At all events, there are facts which prove that certain astronomical calculations were as correct with the Chaldeans in the days of Julius Caesar as they are now.When the calendar was reformed by the Conqueror, the civil year was found to correspond so little with the seasons, that summer had merged into the autumn months, and the autumn months into full winter. It was Sosigenes, the Chaldean astronomer, who restored order into the confusion, by putting back the 25th of March ninety days, thus making it correspond with the vernal equinox; and it was Sosigenes, again, who fixed the lengths of the months as they now remain.

 In America, it was found by the Montezuman army, that the calendar of the Aztecs gave an equal number of days and weeks to each month. The extreme accuracy of their astronomical calculations was so great, that no error has been discovered in their reckoning by subsequent verifications; while the Europeans, who landed in Mexico in 1519, were, by the Julian calendar, nearly eleven days in advance of the exact time.

It is to the priceless and accurate translations of the Vedic Books, and to the personal researches of Dr. Haug, that we are indebted for the.

Page   12

corroboration of the claims of the hermetic philosophers. That the period of Zarathustra Spitama (Zoroaster) was of untold antiquity, can be easily proved.

The Brahmanas, to which Haug ascribes four thousand years, describe the religious contest between the ancient Hindus, who lived in the pre-Vedic period, and the Iranians. The battles between the Devas and the Asuras — the former representing the Hindus and the latter the Iranians — are described at length in the sacred books. As the Iranian prophet was the first to raise himself against what he called the “idolatry” of the Brahmans, and to designate them as the Devas (devils), how far back must then have been this religious crisis?

“This contest,” answers Dr. Haug, “must have appeared to the authors of the Brahmanas as old as the feats of King Arthur appear to English writers of the nineteenth century.”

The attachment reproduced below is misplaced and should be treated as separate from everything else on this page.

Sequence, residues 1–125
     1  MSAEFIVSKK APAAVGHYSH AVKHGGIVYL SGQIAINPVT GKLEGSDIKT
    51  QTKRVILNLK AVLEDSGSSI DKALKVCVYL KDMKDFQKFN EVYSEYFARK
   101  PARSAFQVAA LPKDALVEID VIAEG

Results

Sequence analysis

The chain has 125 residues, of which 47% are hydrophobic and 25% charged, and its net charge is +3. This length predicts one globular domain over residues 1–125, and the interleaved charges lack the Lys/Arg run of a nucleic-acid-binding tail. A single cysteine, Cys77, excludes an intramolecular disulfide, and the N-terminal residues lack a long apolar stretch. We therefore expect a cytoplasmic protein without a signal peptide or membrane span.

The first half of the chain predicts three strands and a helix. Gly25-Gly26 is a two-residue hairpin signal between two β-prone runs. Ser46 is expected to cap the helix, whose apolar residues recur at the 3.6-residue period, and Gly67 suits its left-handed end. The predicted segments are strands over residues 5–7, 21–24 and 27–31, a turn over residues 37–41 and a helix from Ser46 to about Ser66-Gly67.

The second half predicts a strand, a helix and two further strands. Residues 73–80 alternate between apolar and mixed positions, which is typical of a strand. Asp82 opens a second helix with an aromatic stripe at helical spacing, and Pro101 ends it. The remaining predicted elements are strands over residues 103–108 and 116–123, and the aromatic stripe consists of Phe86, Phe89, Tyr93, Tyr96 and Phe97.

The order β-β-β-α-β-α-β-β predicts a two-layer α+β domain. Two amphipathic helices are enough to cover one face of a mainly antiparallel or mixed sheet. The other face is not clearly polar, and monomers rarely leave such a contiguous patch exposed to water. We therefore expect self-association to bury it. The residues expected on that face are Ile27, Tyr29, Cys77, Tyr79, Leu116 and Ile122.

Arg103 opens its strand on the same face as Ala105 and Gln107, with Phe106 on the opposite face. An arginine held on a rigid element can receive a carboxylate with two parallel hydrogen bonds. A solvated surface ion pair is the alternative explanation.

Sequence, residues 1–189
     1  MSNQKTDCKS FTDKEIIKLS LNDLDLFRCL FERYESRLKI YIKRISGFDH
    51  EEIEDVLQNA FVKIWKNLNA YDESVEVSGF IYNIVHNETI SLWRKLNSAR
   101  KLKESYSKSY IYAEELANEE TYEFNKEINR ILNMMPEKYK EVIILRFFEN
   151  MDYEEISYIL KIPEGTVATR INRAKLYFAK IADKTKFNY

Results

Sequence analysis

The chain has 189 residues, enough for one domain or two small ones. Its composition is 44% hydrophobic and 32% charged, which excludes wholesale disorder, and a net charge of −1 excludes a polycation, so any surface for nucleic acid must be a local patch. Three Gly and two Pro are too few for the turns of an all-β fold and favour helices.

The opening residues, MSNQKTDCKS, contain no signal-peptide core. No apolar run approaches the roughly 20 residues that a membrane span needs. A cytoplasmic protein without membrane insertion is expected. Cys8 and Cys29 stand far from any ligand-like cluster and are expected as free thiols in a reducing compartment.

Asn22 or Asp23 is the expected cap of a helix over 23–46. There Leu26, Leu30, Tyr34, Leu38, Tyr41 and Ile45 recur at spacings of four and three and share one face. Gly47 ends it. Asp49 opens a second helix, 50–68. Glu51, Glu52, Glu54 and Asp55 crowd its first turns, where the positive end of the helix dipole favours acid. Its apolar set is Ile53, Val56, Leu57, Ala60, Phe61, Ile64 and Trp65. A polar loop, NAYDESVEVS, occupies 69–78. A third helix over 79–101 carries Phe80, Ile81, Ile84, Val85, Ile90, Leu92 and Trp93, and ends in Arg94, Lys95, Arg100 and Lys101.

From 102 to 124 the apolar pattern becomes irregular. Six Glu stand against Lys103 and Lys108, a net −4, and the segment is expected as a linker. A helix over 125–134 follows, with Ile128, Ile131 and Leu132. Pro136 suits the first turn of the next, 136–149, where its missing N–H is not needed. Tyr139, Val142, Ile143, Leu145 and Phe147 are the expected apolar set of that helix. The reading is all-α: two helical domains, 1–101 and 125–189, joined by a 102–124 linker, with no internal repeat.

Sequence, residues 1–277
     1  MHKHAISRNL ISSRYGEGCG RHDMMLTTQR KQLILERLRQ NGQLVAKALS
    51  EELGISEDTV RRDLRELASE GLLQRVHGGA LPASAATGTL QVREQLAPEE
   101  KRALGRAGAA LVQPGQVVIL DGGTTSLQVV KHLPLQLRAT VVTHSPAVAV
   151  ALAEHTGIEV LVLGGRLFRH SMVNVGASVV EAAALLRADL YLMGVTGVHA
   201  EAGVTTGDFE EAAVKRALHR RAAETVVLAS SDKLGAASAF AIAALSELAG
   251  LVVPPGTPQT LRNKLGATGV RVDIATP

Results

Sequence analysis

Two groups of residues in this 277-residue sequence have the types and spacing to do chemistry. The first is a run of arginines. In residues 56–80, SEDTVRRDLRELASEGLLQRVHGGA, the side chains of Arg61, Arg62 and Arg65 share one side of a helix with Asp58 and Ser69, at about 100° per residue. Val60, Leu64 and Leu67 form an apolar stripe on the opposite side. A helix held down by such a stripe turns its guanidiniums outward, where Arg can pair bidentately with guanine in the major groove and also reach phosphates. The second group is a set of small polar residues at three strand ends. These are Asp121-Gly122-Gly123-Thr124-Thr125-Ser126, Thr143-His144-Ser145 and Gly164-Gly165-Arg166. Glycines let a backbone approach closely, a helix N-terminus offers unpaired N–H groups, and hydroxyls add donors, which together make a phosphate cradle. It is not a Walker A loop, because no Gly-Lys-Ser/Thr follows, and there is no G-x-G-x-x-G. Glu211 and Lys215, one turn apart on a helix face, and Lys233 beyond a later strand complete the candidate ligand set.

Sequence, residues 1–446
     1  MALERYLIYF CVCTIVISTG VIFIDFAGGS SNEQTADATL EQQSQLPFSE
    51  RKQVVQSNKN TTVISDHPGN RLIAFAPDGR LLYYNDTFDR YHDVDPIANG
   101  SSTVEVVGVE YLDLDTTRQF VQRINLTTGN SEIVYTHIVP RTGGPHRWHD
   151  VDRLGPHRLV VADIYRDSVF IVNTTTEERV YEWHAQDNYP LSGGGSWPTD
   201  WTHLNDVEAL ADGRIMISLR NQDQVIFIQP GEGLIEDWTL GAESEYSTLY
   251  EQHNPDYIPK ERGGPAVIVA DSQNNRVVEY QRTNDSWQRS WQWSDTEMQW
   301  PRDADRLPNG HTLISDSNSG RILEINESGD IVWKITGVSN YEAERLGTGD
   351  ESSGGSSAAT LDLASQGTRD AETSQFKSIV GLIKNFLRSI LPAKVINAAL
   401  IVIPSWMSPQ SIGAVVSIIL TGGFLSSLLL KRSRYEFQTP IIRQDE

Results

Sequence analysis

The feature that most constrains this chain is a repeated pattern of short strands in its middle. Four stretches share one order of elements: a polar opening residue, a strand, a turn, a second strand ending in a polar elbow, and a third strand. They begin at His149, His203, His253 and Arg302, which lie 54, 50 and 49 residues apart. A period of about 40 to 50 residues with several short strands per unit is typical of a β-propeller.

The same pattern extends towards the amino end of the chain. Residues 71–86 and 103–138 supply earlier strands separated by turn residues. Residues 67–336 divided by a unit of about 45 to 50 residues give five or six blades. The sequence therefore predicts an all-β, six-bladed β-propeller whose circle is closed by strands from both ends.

There was not a philosopher of any notoriety who did not hold to this doctrine of metempsychosis, as taught by the Brahmans, Buddhists, and later by the Pythagoreans, in its esoteric sense, whether he expressed it more or less intelligibly. Origen and Clemens Alexandrinus, Synesius and Chalcidius, all believed in it; and the Gnostics, who are unhesitatingly proclaimed by history as a body of the most refined, learned, and enlightened men, were all believers in metempsychosis. Socrates entertained opinions identical with those of Pythagoras; and both, as the penalty of their divine philosophy, were put to a violent death. The rabble has been the same in all ages. Materialism has been, and will ever be blind to spiritual truths. These philosophers held, with the Hindus, that God had infused into matter a portion of his own Divine Spirit, which animates and moves every particle. They taught that men have two souls, of separate and quite different natures: the one perishable — the Astral Soul, or the inner, fluidic body — the other incorruptible and immortal — the Augoeides, or portion of the Divine Spirit; that the mortal or Astral Soul perishes at each gradual change at the threshold of every new sphere, becoming with every transmigration more purified. The astral man, intangible and invisible as he might be to our mortal, earthly senses, is still constituted of matter, though sublimated. Aristotle, notwithstanding that for political reasons of his own he maintained a prudent silence as to certain esoteric matters, expressed very clearly his opinion on the subject. It was his belief that human souls are emanations of God, that are finally re-absorbed into Divinity. Zeno, the founder of the Stoics, taught that there are “two eternal qualities throughout nature: the one active, or male; the other passive, or female: that the

Page  13

former is pure, subtile ether, or Divine Spirit; the other entirely inert in itself till united with the active principle. That the Divine Spirit acting upon matter produced fire, water, earth, and air; and that it is the sole efficient principle by which all nature is moved. The Stoics, like the Hindu sages, believed in the final absorption. St. Justin believed in the emanation of these souls from Divinity, and Tatian, the Assyrian, his disciple, declared that “man was as immortal as God himself.”

Pin It on Pinterest